Hardware, communications, and system level software make up the platform or automated foundation that a CMMS must have to operate. Failure in any of the parts that make up the platform will halt operation of the CMMS. A company must have a plan of action to follow when servers, operating systems, workstations, or other vital components fail. In large organizations there is usually a support group to perform hardware repair and maintenance. Most organizations subcontract technically complicated activities like big server repair to specialists. This support usually comes in the form of a service contract with options of service such as response times and service times. These companies also take on the burden of costly spare inventories.

With the advent of client/server technology and the growing interest in personal computing, many organizations are developing a hybrid approach to system maintenance. They may subcontract maintenance of critical, highly technical components and use internal resources to fix or replace the less technically complex components. This rationale is particularly true for workstation and printer components. Internal resources may consist of a spare personal computer, or the systems administrator or resident computer person may fix the less technically complex components.

The best guide to determine what options will work best for your organization is to consider the following: How critical is the system? What are the options? What can be budgeted? What skills are available? These issues must be considered throughout the life of the system, and your needs may change during the system life cycle.

The need for system level software support greatly depends on the compatibility of the operating system, database, CMMS application, and general hardware platform. Support is often needed when the version of the CMMS, database, or operation system is upgraded. When versions change, configuration files must be adjusted at many levels. If the changes are not made correctly, the system may work but perform poorly. CMMS vendors usually include instructions on what to change when upgrading their products. The skills, tools, and parts must be available to handle the needed maintenance or repair tasks.

CMMS administration
CMMSs need constant care and attention. Tasks required to keep a CMMS alive are listed in the accompanying section, “CMMS Administration.”

Training cannot be limited to the implementation phase. Refresher training maintains proper use of the system and keeps employee confidence high. Training also can promote process improvements and system functionality enhancements. Release of a new CMMS version requires training at all levels of the user population and support groups. Training is frequently a budget problem. However, for a system to succeed you must have an active and long-term training program, whether it is a computer system or a paper system.

Staff buy-in is the most important component of a successful CMMS. Of all the considerations this one is the most tricky to manage. The support of management and of staff members in every affected department is very important. To manage buy-in you must communicate what is happening with the system, when it is going to happen, and what benefits it has for the department and each person. Above all else the schedule must be realistic.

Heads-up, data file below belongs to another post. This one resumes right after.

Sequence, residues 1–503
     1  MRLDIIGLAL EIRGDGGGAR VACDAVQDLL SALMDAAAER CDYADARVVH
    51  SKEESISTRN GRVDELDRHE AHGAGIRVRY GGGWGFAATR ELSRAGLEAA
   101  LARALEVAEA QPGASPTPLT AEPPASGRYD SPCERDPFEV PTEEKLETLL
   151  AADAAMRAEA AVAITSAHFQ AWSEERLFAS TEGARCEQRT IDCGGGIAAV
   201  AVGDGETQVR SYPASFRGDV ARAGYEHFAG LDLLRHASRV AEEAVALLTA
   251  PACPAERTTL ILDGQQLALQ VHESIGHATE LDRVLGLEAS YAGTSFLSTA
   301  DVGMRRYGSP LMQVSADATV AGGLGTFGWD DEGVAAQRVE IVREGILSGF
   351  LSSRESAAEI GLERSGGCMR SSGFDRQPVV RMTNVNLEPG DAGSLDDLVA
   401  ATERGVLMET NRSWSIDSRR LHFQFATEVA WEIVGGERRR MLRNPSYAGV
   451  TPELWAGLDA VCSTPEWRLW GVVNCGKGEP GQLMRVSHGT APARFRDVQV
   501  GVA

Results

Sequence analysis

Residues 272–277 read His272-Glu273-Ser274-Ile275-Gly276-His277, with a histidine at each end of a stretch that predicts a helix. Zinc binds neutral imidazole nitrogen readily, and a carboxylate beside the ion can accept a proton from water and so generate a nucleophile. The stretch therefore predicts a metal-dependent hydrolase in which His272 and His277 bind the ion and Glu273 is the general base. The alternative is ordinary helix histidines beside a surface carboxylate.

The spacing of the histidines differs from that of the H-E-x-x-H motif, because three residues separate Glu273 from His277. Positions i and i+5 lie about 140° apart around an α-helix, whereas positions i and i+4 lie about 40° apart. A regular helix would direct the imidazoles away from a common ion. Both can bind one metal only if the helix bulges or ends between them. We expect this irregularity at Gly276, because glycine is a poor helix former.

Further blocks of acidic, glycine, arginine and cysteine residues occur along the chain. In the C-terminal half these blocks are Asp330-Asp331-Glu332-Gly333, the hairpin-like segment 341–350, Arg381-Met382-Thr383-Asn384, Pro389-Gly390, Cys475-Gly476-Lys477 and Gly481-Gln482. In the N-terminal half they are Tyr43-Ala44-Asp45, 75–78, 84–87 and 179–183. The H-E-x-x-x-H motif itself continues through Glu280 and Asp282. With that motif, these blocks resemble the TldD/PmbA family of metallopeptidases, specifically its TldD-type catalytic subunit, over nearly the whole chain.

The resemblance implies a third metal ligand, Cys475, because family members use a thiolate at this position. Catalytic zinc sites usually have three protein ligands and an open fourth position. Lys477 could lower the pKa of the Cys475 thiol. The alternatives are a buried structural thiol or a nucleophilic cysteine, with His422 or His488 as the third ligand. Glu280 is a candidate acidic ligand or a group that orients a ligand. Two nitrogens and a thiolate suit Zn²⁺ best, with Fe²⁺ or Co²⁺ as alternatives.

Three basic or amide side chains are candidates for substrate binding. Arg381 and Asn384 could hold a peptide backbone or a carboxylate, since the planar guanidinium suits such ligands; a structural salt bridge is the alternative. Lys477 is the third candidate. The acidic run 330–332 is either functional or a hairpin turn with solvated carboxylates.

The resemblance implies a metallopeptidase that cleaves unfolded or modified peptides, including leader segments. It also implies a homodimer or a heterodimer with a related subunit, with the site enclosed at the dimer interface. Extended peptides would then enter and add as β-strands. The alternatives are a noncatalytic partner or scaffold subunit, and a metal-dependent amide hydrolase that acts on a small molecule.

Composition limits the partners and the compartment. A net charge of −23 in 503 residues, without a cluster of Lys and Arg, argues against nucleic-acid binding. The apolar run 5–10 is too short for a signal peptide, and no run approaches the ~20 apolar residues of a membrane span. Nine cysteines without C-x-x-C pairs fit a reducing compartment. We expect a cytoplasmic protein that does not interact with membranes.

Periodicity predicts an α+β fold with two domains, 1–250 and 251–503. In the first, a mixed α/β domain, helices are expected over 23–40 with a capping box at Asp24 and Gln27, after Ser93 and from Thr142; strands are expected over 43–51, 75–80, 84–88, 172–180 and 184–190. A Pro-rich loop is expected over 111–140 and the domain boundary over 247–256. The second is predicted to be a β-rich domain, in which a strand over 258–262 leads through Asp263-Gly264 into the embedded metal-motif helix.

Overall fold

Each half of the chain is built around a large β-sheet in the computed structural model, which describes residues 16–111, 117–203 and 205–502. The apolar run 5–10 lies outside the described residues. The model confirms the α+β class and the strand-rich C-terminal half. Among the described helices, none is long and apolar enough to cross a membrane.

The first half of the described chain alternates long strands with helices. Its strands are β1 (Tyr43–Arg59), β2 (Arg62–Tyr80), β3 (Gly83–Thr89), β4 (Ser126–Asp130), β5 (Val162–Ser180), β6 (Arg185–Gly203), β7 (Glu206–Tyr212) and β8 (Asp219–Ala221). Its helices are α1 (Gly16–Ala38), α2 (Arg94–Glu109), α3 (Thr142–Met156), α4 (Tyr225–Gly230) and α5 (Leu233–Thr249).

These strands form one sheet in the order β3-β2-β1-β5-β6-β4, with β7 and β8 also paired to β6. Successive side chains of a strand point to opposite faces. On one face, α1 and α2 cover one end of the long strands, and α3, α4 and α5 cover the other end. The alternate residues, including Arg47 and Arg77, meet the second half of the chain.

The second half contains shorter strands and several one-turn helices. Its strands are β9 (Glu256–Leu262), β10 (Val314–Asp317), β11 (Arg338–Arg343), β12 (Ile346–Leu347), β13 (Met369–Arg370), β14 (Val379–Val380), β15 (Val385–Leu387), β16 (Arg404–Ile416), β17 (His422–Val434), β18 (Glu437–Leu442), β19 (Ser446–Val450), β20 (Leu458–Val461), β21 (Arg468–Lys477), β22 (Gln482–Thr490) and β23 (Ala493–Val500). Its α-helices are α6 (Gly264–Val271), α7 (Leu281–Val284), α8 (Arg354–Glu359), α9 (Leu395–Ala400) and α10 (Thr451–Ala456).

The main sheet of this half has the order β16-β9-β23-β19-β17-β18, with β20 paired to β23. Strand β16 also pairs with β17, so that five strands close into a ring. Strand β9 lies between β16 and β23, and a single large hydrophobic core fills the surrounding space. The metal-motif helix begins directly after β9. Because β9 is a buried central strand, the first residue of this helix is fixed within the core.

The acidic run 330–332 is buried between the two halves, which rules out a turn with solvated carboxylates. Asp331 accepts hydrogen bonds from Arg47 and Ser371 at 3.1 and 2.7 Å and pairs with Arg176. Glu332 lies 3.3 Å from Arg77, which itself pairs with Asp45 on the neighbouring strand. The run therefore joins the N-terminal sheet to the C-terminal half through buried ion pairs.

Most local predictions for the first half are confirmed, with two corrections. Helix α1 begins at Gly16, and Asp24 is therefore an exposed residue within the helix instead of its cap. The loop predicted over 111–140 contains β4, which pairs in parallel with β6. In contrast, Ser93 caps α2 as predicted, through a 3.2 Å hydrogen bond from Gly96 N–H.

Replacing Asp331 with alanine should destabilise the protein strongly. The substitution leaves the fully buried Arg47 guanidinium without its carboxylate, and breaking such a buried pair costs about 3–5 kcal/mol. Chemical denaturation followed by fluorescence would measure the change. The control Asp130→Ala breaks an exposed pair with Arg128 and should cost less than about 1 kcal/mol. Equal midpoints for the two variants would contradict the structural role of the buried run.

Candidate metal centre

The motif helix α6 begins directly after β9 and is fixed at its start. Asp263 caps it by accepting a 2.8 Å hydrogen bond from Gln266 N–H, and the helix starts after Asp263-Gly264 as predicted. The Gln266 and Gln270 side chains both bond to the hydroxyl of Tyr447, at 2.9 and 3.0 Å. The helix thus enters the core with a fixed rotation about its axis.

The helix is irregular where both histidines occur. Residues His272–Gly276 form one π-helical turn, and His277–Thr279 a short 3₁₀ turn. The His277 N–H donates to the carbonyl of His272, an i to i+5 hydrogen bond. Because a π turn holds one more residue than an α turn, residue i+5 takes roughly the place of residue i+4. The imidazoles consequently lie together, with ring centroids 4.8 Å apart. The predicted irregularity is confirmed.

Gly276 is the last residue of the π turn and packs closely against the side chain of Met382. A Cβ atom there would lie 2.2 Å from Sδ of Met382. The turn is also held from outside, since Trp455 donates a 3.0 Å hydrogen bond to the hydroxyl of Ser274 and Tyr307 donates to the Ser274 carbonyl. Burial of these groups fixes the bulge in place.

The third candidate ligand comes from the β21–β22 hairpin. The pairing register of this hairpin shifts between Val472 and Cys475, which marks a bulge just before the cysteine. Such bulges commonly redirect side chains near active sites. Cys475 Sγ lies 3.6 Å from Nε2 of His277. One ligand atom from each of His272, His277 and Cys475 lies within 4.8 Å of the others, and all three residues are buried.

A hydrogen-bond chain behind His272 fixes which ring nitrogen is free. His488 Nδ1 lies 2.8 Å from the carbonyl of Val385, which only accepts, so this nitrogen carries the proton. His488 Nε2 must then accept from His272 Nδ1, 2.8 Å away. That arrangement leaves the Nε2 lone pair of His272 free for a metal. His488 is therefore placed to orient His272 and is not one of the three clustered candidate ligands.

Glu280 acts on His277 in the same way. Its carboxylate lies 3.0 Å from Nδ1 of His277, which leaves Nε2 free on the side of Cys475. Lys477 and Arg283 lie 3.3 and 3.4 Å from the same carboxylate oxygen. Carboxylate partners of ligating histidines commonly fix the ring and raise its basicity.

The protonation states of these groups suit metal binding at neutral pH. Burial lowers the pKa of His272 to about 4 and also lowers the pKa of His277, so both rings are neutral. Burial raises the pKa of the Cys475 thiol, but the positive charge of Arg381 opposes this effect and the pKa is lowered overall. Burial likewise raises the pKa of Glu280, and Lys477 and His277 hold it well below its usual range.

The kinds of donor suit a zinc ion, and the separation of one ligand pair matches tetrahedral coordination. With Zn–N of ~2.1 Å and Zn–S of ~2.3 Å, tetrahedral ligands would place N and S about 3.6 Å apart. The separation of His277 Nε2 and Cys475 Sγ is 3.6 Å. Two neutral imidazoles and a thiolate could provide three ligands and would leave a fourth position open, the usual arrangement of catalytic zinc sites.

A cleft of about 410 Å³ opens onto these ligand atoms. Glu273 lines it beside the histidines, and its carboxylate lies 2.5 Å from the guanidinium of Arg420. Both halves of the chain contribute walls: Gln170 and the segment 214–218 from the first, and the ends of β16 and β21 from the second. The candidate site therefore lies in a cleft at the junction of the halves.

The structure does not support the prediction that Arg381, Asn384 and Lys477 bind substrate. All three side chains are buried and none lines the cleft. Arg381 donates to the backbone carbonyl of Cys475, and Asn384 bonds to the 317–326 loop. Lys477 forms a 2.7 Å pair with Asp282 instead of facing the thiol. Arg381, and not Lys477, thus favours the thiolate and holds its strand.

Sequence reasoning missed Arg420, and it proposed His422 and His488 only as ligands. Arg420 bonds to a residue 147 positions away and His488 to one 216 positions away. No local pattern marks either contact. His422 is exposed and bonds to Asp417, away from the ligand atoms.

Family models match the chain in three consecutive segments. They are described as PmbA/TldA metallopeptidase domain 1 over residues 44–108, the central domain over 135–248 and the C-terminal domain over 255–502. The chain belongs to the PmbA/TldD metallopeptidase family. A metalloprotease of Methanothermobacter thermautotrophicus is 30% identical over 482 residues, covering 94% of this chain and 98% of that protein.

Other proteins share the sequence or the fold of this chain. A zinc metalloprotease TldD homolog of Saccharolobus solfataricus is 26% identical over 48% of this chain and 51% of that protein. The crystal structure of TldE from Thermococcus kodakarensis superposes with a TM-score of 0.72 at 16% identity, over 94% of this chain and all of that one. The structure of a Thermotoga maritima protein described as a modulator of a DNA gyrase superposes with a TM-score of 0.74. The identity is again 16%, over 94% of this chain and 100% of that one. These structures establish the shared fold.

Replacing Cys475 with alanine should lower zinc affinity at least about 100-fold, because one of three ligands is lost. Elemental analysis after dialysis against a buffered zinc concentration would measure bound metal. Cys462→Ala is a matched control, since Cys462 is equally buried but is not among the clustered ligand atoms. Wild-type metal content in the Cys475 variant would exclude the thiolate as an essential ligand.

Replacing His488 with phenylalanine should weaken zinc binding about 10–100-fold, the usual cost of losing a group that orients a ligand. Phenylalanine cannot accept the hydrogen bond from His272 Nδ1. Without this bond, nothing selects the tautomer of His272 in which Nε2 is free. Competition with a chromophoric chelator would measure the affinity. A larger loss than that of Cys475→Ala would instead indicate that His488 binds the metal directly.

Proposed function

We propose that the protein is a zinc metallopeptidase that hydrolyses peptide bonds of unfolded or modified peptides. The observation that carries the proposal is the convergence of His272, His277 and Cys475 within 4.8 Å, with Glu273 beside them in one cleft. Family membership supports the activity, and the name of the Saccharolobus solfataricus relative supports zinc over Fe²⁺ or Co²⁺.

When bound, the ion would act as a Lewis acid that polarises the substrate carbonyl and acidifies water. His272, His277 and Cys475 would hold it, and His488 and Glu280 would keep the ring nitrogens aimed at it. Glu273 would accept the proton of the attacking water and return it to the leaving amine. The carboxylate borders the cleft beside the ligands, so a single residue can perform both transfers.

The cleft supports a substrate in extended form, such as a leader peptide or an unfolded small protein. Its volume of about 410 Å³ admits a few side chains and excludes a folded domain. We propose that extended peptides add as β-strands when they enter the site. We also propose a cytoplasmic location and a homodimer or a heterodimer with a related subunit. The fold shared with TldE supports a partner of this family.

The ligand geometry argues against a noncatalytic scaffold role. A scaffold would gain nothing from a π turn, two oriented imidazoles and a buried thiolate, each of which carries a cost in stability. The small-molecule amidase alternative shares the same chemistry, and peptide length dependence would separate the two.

In summary, these areas can be of risk to the life of your CMMS . Effective management of these risks can prolong and enhance the life of the CMMS and the benefits to the organization. Careful management of these factors will not guarantee a successful CMMS, but neglect in managing any one of these areas can almost guarantee failure. MT

Cullen Tilman is a partner in Enterprise Management Systems, 8033 Sudley Rd., Suite 155, Manassas, VA 22110; telephone (703) 437-7414; e-mail

User and general security systems
can sometimes be difficult to design and implement. The proper balance must be struck between protecting the system and its data and providing users with maximum assess to system functions. As the system life cycle changes, so do the needs of the system security setup. The system must be updated when new users need access, when the ability of users to access parts of the system changes, and when former users need to be restricted from the system.

The security system is always set up during implementation. During operations you need the capability to make adjustments quickly. If you rely on someone outside your organization to provide this function, be sure you obtain the service level required. If your organization performs this function, always have a backup. More than one person should have the passwords and capabilities to administer the system.

Archival and retrieval procedures are of paramount importance. System disaster recovery procedures should be performed and followed rigorously during the CMMS implementation phase until the system is declared dead. Backup frequency depends on how much you wish to risk data loss and user wrath. Heavily used systems should be backed up daily or have built-in redundancy (mirroring). Some systems can get by on a weekly backup. It is important to test the process before you need it.

A host of technical ghosts can allow archive procedures to work perfectly yet prevent successful retrievals. Bad media, incorrect file formats, and hardware device errors are only a few of the things that can happen. The archival and retrieval process should be tested each time a major hardware or software component changes. Even installing a software package that has nothing to do with the CMMS can affect the hardware and software platform the system relies on.

Offsite storage is the most frequently overlooked item in disaster recovery plans. It can protect the company from damage to the system and tape storage caused by fire, water, lightning, and employee vandalism. Without offsite storage there is always a risk.

Data administration is a maintenance function that must be performed periodically. The frequency depends on the complexity and size of the system. Very large systems employ a staff of database engineers to make adjustments to database structure, tuning, performance, and data content. Small and infrequently used systems may require data administration once a year.

Data volume limits are part of every system. Data archiving can be the sleeping dog that can easily awake and bite you. As you use the system, the record volume can increase until it collides with the maximum limits of system disk space, the application, or the database engine. The CMMS can come to a complete halt if these limits are reached and corrective action is not taken. You must have a plan of action to follow before these limits become a problem. It is important to know what the record volume thresholds are for system disk space, database system free space, database table space, table utilization, application record limits, and data obsolescence, and where you are in relation to those limits.